In its fourth quarter earnings call the figures showed Facebook’s growth is slowing, but their spending is comparatively big.
Mark Zuckerberg has laid out a plan to grow and make their businesses of photo-sharing, video, and messaging via WhatsApp and Facebook Messenger as well as Instagram profitable within five years.
He also projects that in ten years -thanks to the company’s bold initiative- the remainder of the world’s population will have access to the internet.
What many have been noting for the last year or so, however, is that Facebook as a social network is irrelevant to a certain emerging section of the population. Kids.
Here in this video from Business Insider are a bunch of adorable little tweens and teens saying things like, “I think my mum and my grandma are on Facebook?”…
So, why does this matter?
Well, it means there will come a time where Facebook stops growing and will have to do something to completely redefine who they are. And let me clarify, I’m talking about Facebook as a social network, separate from the still growing Instagram, WhatsApp and Facebook Messenger base.
Facebook as a social network is where they are making money through ads and search. They’re growing their video platform through the newsfeed, and if they can’t get a new generation of people onto that network, then they may well suffer a major decline.
Not today or tomorrow of course, but, let’s say, ten years from now.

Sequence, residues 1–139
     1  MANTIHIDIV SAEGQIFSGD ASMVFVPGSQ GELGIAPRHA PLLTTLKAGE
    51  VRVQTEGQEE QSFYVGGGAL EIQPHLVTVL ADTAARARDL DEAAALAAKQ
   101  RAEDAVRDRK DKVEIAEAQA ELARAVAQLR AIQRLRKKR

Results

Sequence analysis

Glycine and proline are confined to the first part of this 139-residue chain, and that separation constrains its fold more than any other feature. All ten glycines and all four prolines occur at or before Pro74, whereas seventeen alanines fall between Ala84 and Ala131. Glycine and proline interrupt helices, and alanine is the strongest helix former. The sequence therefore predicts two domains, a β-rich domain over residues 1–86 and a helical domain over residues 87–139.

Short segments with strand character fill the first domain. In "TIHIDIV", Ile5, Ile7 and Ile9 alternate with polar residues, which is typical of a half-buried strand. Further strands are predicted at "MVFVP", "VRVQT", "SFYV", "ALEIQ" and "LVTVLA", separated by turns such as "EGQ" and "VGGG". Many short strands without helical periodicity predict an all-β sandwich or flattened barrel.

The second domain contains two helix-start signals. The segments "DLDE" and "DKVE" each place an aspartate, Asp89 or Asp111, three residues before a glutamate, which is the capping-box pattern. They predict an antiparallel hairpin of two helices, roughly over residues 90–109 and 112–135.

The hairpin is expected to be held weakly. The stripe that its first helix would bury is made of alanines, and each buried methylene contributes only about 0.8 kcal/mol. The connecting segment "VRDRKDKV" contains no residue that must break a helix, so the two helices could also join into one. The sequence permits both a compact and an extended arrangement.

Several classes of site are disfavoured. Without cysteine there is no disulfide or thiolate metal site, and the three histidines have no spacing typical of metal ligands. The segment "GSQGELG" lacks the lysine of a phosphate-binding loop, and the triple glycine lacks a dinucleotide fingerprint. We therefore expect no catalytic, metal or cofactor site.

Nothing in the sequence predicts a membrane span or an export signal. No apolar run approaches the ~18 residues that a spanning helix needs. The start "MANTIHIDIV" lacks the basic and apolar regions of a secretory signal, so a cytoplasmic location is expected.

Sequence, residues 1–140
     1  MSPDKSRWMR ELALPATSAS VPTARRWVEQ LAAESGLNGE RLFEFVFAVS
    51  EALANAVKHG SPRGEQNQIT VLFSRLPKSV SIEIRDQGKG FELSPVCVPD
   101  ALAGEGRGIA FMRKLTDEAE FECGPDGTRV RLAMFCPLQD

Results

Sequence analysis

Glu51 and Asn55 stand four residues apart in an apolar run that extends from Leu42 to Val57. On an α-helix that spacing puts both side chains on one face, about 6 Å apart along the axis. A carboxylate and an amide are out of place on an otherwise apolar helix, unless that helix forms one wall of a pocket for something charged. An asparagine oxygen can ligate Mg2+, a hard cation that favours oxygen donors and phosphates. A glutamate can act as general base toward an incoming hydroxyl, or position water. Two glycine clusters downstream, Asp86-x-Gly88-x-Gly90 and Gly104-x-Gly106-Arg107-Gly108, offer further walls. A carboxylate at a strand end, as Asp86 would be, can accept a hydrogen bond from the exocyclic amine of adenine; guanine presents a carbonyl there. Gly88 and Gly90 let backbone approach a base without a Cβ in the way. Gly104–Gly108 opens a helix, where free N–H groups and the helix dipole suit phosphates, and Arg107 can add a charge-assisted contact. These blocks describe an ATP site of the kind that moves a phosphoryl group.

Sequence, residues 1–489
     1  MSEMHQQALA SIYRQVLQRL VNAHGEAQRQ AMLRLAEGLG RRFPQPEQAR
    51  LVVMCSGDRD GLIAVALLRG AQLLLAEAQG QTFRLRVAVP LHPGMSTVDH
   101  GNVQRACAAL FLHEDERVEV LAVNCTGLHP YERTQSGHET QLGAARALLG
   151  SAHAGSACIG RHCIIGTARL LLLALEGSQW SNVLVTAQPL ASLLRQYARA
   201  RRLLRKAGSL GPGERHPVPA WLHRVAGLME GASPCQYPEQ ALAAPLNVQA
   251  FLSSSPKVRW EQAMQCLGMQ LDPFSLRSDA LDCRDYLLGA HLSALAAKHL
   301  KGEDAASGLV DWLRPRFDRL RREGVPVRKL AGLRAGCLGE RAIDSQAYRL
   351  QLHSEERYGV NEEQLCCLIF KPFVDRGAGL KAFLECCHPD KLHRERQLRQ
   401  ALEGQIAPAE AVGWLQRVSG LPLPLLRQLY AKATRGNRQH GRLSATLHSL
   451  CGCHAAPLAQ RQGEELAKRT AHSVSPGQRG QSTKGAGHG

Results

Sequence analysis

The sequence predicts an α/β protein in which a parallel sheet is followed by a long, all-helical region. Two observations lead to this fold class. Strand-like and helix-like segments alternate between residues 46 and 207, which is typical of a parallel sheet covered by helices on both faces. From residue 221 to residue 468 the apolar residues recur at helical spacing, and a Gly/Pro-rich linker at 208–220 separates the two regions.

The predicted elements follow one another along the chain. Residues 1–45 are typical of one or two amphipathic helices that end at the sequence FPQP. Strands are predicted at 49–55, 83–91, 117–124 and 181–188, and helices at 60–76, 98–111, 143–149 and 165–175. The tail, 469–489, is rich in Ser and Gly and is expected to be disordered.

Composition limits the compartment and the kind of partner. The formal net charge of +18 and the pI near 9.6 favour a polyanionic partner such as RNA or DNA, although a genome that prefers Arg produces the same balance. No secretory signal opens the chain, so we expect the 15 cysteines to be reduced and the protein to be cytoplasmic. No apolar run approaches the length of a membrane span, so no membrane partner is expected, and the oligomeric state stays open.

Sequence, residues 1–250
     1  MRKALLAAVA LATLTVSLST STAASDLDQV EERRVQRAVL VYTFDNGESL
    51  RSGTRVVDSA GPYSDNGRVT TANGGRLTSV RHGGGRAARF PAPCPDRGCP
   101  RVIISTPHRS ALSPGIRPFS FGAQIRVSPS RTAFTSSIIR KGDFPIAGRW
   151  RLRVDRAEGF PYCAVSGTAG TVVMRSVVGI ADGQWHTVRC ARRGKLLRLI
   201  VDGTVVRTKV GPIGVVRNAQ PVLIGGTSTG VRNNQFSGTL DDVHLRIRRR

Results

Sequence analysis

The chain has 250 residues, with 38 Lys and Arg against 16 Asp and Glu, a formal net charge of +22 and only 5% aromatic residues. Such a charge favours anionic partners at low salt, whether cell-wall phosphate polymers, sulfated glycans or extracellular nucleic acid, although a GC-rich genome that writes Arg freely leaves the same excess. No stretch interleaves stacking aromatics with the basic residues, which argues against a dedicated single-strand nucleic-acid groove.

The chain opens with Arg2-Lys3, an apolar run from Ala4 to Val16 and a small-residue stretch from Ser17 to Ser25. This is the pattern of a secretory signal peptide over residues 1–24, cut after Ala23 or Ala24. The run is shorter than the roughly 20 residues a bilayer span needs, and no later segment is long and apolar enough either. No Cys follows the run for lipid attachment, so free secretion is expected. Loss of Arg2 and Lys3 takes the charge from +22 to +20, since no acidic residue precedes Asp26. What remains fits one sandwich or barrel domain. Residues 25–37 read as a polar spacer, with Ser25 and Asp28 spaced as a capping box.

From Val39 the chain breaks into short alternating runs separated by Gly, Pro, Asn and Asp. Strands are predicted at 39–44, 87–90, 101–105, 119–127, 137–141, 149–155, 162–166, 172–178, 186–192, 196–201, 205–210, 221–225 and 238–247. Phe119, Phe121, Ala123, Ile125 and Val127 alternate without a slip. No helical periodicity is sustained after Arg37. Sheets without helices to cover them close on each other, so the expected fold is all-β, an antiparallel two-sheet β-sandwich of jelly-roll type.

Seriously, Facebook reminds me a lot of Microsoft a decade ago. It’s a grinding necessity for many, and that’s not great. There are a lot of people who don’t enjoy using it, but they stay to maintain contact with certain people.
For most people, everybody they know is on Facebook. And for kids, the fact that parents and grandparents are on a social network which is an escape for many, brings it more and more in line with daily life, and makes it less special.
So, why doesn’t Facebook just shift focus away from its network and grow something else with a different name?
Because Facebook -the social network- sells ads, a trait its recent acquisitions don’t share.
They could foreseeably find a way to spin off their video service, and the talk is they will soon have an effective ad strategy for that side of the business, but so far that remains to be seen.
Plus Instagram still doesn’t have ads on it, and once it does the Facebook haters who don’t want to see their ad-less little photo sharing network contaminated will boycott or at least kick up a fuss. Plus I don’t understand how they could even try introducing any sort of advertising to Messenger and WhatsApp, but they could prove me wrong. Who knows.
The point is that Facebook, were it to stay much the same as it is now ten years into the future, would be screwed.
While CEO Mark Zuckerberg insists he has a plan, the reality is that all he needs to do before next quarter is show some growth to appease investors.
So go ahead Zuck, I’m interested to see what you come up with!